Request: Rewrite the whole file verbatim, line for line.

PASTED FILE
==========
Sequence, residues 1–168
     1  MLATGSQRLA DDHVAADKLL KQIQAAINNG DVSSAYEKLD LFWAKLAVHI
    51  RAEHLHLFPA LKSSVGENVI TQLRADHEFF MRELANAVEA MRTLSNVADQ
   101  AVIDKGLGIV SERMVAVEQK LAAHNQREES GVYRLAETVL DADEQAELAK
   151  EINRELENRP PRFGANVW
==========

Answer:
Sequence, residues 1–168
     1  MLATGSQRLA DDHVAADKLL KQIQAAINNG DVSSAYEKLD LFWAKLAVHI
    51  RAEHLHLFPA LKSSVGENVI TQLRADHEFF MRELANAVEA MRTLSNVADQ
   101  AVIDKGLGIV SERMVAVEQK LAAHNQREES GVYRLAETVL DADEQAELAK
   151  EINRELENRP PRFGANVW